In 1986 Ripley was chosen to write a sequel to Margaret Mitchell’s Pulitzer Prize–winning classic, Gone With the Wind (1936), by Mitchell’s estate. In 1988 Warner Books successfully bid $4,940,000 for the publishing rights.
Writer. Ripley was born in Charleston on January 8, 1934, the daughter of Alexander and Elizabeth Braid. After graduating from Ashley Hall, she attended Vassar College on a United Daughters of the Confederacy scholarship. After receiving a B.A. in Russian in 1955, Ripley worked a succession of jobs, living in New York City, Washington, D.C., and Florence, Italy. In 1963 she returned to Charleston, where she held various positions from travel agent to tour guide to ghost writer. She returned to New York and began working in publishing and then moved to Virginia in the early 1970s to pursue a writing career. Ripley published her first historical novel, Charleston, in 1981 while working at a bookstore. She followed with a sequel, On Leaving Charleston (1984), and then two more works of historical fiction, The Time Returns (1985) and New Orleans Legacy (1987), the latter of which became a Literary Guild alternative and a Reader’s Digest Condensed Book selection.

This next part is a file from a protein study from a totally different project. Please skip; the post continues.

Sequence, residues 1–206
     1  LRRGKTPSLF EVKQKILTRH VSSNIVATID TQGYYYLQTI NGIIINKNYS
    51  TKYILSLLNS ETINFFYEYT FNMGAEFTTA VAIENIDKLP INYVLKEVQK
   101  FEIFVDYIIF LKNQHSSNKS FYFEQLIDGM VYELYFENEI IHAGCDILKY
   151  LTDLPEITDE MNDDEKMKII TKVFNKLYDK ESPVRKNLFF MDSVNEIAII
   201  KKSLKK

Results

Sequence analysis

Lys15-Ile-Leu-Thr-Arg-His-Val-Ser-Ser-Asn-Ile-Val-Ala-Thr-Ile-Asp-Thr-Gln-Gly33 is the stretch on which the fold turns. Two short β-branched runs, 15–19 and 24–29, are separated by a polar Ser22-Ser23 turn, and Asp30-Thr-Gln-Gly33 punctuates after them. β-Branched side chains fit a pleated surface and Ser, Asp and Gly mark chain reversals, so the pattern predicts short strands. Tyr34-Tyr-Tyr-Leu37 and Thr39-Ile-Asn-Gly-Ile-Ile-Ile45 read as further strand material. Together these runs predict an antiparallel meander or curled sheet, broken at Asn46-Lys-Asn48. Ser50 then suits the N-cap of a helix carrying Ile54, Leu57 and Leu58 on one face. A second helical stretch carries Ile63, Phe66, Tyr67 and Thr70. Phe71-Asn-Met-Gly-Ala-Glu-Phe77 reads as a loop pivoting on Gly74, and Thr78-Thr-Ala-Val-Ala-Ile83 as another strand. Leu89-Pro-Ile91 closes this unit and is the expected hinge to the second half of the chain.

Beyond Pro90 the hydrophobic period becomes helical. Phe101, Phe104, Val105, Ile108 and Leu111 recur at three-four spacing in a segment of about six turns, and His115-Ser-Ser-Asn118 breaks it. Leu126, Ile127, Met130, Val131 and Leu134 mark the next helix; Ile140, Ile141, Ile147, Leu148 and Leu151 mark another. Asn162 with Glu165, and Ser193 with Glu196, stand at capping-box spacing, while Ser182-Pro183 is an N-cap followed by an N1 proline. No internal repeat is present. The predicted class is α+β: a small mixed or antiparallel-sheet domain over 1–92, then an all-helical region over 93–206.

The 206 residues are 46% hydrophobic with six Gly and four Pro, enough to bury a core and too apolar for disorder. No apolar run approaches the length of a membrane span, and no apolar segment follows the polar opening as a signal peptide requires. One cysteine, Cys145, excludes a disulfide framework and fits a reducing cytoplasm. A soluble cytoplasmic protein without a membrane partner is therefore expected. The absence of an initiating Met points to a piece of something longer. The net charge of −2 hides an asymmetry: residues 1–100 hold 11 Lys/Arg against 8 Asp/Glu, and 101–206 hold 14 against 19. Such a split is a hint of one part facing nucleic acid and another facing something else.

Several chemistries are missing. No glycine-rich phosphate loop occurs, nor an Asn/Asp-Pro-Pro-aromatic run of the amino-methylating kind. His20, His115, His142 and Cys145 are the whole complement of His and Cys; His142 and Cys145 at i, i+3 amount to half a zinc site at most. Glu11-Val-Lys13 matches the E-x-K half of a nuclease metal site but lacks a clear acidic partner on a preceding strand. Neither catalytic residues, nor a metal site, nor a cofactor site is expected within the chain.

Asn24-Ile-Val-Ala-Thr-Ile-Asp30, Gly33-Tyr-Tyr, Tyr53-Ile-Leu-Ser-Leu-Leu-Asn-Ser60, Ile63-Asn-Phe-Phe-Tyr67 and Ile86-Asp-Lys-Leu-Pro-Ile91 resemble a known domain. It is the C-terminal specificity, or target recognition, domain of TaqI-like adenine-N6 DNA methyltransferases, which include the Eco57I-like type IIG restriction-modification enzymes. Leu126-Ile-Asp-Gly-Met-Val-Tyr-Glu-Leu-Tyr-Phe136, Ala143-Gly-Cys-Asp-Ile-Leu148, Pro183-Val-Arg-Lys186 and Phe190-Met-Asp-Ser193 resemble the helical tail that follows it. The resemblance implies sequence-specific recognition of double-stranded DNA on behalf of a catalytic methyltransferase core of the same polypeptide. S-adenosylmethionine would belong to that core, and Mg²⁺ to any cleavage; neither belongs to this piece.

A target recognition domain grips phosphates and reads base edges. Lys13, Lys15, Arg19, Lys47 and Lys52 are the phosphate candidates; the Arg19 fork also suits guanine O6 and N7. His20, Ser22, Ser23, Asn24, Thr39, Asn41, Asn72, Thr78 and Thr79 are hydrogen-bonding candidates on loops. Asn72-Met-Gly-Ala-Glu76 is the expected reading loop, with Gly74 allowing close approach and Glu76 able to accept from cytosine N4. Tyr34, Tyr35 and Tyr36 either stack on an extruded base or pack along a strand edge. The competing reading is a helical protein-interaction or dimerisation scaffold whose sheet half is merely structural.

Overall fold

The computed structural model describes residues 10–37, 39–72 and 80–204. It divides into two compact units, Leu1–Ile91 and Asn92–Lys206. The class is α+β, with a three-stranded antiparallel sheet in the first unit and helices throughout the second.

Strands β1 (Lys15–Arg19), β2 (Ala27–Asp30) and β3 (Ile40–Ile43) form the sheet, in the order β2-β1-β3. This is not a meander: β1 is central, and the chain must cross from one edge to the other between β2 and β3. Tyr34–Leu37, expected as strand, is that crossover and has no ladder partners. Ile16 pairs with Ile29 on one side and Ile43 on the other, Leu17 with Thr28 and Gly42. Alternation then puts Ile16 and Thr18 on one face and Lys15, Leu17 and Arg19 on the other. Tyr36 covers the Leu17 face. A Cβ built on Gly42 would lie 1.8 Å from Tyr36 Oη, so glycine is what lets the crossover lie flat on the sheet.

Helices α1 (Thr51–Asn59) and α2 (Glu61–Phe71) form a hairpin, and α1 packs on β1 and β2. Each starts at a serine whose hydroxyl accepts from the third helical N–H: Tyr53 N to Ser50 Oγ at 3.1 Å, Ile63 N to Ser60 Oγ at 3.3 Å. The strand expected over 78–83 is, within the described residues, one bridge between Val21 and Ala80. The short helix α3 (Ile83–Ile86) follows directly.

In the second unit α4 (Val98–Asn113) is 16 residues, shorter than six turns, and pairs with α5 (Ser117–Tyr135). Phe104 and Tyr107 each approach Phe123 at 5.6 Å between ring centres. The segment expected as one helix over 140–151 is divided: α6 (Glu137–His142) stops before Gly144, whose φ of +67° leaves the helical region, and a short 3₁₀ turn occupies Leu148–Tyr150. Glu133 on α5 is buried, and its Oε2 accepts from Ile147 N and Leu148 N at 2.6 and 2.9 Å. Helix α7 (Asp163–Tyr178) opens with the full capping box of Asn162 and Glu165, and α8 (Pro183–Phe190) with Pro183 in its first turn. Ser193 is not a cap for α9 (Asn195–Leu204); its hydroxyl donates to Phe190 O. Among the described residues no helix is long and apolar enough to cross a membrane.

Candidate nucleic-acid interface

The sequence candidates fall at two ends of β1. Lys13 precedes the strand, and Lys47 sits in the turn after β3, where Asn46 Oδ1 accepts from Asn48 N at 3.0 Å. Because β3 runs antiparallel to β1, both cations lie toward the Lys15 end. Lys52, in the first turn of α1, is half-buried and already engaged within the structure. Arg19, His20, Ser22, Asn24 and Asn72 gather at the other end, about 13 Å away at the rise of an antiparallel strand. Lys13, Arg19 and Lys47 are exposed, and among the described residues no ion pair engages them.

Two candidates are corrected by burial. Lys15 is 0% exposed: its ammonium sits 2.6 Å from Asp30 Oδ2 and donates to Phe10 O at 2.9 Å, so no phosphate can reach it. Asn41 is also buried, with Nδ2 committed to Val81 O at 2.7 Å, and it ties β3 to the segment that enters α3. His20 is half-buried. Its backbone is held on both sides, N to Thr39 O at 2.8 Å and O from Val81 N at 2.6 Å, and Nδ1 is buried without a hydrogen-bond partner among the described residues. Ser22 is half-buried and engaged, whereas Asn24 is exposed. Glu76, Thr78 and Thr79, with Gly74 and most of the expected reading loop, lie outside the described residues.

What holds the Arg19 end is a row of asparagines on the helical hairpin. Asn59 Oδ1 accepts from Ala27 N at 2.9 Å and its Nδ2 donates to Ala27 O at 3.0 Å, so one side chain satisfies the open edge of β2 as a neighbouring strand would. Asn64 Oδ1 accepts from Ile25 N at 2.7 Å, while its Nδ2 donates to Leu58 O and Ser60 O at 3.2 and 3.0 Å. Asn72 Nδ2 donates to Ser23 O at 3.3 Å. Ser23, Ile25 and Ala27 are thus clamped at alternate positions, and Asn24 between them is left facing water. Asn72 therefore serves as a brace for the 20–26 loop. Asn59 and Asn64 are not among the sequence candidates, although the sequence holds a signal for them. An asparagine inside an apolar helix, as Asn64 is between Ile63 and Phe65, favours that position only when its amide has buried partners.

In 1986 Ripley was chosen to write a sequel to Margaret Mitchell’s Pulitzer Prize–winning classic, Gone With the Wind (1936), by Mitchell’s estate. In 1988 Warner Books successfully bid $4,940,000 for the publishing rights. On September 25, 1991, Scarlett: The Sequel to Margaret Mitchell’s Gone With the Wind appeared in bookstores. It spent sixteen weeks on the New York Times best-seller list, selling two million copies by the end of the year. The book follows Scarlett O’Hara Hamilton Kennedy Butler as she makes her way from Charleston to Savannah, Georgia, and finally to Ireland, where she restores her ancestral estate, raises her daughter, joins an insurrectionist movement, and marries an English earl before finally reuniting with Rhett Butler. Despite the heady sales figures and intense, if brief, popularity of Scarlett, reviewers uniformly panned the book. Ripley shrugged off the criticism, however, and continued to write after the hoopla over Scarlett subsided. She published two more historical novels, From Fields of Gold (1994) and A Love Divine (1996), which were both well received.
Ripley was married to Leonard Ripley from 1958 until their divorce in 1963. In 1981 she married John Graham, a rhetoric professor at the University of Virginia. Ripley had two daughters from her first marriage. She died at her home in Richmond, Virginia, on January 10, 2004.